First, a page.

/ Head cams and helmet strength question
For instance if the camera is mounted on top of the helmet and takes an impact from a falling rock or a slam into the wall, the force of the impact will be concentrated through the camera (and your helmet / head) instead of being spread across the wider surface of the helmet.
I'm only using mine to film myself looking stupid bouldering in order to try and improve my shit technique, so its largely academic, but if anyone has read anything, I'd be interested to know.
PS, it's funny seeing yourself climbing for the first time, took any hope I may have had that I looked good and steady on the rock and booted it out into deep space!
I'm not sure why the shape of a go-pro has any more signficance than the shape of a rock or a rockface on the integrity of a helmet.
If anything, I'd hypothesise that the attachment would act as a crumplezone, particularly since it's articulated.
Indeed, thinking it through, the forces would be transferred to the helmet through the whole of the surface area of the glue attachment, and this would tend to cover more surface area than any falling object, or object you're likely to collide with.
I would have thought it would have a similar effect as a chisel does, concentrating the blow on a smaller area?
On a side note I'm sure I was told somewhere not to put stickers on a helmet or use marker pens on it as this could weaken the plastic.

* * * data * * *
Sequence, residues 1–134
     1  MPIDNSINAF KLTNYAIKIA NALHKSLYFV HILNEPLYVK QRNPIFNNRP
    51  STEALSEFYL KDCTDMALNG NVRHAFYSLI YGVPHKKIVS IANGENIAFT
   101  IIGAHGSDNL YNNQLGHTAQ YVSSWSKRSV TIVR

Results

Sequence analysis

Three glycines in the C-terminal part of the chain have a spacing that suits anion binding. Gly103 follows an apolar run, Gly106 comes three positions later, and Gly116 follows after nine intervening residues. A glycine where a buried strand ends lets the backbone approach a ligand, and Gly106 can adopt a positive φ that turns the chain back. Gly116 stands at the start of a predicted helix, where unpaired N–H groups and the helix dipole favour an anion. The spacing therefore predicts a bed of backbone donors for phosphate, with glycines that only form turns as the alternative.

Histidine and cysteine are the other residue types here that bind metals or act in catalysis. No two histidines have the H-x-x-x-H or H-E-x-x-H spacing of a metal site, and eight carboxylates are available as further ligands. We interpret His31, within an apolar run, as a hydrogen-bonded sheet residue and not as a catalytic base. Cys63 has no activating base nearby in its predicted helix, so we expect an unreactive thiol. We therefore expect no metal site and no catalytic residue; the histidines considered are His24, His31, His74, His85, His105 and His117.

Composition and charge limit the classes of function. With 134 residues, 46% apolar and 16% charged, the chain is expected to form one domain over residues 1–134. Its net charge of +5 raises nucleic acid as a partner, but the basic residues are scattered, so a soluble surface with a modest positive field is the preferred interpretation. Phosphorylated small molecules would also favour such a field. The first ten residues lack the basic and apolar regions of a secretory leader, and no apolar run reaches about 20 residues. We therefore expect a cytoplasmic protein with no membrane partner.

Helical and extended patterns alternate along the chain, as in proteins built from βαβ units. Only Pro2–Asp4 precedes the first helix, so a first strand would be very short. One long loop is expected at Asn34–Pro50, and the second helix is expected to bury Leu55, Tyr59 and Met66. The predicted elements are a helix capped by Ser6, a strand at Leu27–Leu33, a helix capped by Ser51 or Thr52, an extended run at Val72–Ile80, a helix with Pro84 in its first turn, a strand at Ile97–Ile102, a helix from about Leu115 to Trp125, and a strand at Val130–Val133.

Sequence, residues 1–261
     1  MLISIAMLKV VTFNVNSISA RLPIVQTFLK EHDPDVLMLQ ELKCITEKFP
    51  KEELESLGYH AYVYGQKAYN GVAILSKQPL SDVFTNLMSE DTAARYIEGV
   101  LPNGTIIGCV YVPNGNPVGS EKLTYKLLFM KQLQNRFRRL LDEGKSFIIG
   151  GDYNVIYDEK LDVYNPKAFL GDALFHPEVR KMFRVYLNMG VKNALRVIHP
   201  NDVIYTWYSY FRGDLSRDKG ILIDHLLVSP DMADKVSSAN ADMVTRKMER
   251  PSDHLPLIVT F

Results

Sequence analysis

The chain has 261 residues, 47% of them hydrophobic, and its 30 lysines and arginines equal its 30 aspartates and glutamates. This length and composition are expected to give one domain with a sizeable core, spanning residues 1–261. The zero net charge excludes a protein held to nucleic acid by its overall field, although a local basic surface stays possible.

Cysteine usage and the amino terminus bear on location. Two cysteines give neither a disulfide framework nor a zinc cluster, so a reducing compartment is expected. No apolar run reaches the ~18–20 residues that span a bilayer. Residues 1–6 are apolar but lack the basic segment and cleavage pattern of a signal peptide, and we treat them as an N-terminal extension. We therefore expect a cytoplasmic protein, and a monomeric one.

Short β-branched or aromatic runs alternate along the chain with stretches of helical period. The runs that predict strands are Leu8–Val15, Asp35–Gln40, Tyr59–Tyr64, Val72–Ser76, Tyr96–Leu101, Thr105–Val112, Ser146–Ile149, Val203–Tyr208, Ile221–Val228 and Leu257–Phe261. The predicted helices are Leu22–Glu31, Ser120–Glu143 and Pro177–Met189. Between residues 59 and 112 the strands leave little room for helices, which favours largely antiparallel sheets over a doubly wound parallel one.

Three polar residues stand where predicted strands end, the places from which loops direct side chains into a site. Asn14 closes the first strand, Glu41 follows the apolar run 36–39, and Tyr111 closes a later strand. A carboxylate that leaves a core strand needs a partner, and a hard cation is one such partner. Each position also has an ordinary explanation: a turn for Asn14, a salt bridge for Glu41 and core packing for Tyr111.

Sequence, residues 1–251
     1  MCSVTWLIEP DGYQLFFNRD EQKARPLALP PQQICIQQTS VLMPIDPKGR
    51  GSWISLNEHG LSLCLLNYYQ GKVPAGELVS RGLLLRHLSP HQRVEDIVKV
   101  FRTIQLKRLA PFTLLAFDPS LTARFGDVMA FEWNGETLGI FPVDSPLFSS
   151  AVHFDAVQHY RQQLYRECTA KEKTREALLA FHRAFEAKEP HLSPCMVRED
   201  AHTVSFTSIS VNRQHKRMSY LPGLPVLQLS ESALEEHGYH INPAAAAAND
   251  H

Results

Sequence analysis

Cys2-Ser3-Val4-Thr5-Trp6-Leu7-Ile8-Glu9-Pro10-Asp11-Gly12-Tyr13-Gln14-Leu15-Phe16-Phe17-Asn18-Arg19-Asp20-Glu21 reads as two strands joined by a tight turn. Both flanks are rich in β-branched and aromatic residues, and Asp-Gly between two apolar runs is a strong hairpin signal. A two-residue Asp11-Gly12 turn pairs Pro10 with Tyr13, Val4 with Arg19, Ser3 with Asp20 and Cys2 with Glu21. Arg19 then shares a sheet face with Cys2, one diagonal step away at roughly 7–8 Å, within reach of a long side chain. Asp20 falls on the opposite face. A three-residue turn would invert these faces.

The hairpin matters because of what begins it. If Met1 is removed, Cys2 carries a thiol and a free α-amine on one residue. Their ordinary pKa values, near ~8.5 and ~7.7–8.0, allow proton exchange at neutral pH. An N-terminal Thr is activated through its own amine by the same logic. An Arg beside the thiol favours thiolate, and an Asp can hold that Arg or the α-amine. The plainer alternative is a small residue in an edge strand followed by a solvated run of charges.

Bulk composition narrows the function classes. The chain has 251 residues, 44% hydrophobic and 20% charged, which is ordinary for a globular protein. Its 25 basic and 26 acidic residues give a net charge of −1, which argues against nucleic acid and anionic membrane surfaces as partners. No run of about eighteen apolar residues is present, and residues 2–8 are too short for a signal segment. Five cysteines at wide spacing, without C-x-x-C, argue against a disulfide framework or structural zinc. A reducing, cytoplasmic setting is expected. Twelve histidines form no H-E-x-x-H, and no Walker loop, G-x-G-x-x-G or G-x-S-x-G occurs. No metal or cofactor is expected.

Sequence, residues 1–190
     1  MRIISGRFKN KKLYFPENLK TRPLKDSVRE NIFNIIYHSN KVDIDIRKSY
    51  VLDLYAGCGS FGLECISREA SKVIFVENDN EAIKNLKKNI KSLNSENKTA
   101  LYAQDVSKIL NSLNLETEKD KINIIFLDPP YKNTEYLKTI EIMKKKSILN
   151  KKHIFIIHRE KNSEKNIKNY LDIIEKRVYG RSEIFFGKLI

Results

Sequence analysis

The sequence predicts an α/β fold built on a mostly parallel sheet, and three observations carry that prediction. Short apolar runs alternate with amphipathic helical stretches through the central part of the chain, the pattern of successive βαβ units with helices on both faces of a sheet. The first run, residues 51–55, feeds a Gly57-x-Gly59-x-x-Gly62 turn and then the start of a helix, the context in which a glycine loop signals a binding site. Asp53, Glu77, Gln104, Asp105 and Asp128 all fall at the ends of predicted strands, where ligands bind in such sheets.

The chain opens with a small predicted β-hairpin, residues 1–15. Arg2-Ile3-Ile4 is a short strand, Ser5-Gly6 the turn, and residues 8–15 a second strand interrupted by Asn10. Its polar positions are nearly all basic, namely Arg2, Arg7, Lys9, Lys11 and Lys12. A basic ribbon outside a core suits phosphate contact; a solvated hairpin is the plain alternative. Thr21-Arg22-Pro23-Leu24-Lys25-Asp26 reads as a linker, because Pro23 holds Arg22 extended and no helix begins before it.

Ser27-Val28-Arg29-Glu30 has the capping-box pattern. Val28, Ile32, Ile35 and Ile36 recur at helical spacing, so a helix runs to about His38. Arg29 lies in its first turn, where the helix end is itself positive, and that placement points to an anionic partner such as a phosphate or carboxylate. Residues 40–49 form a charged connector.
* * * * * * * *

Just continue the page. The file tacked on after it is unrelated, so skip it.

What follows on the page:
A chisel - a solid implement with a wider base and a small tip.
GOPRO camera a hollow plastic implement on a hinger.
If your uncertain hit with a hammer and see what happens
Dont put it on your helmet? Nobody wants to see you looking up, then down, then up again, then down again, then fumbling about with gear.
You're thinking too much mate!!! Haha ;-)
"Thank you for your mail, testing is still being undertaken by the UIAA about helmet strength/ and or possible compromised strength with helmet mounted cameras, and to data there is no information about results.
So officially, we donít recommend it to mount cameras to Black Diamond helmets."
"Thank you for your email. Petzl do not advise you modify your helmet in any way as you have no way of knowing what the affects could be on the strength and performance of the shell. This also applies to marking the helmet with stickers, glue, marker pens, paint etc as you have no way of knowing what affects the chemicals will have on the strength of the shell."
"As I have said we do not advise the helmet is marked or modified in any way but ultimately the decision lies with you the user."
"Wild Country don't recommend attaching anything to our helmets with adhesive pads."
"Fixing mechanically with cable ties through vents is o.k"
"I suppose you are right a bracket may concentrate a impact to a specific area."
"We will/should do some research into this."
"But in the mean time I would recommend using smaller thinner cable ties that would allow the GoPro/ camera system to 'break away' in the event of an impact to the helmet. Hopefully reducing damage to both components."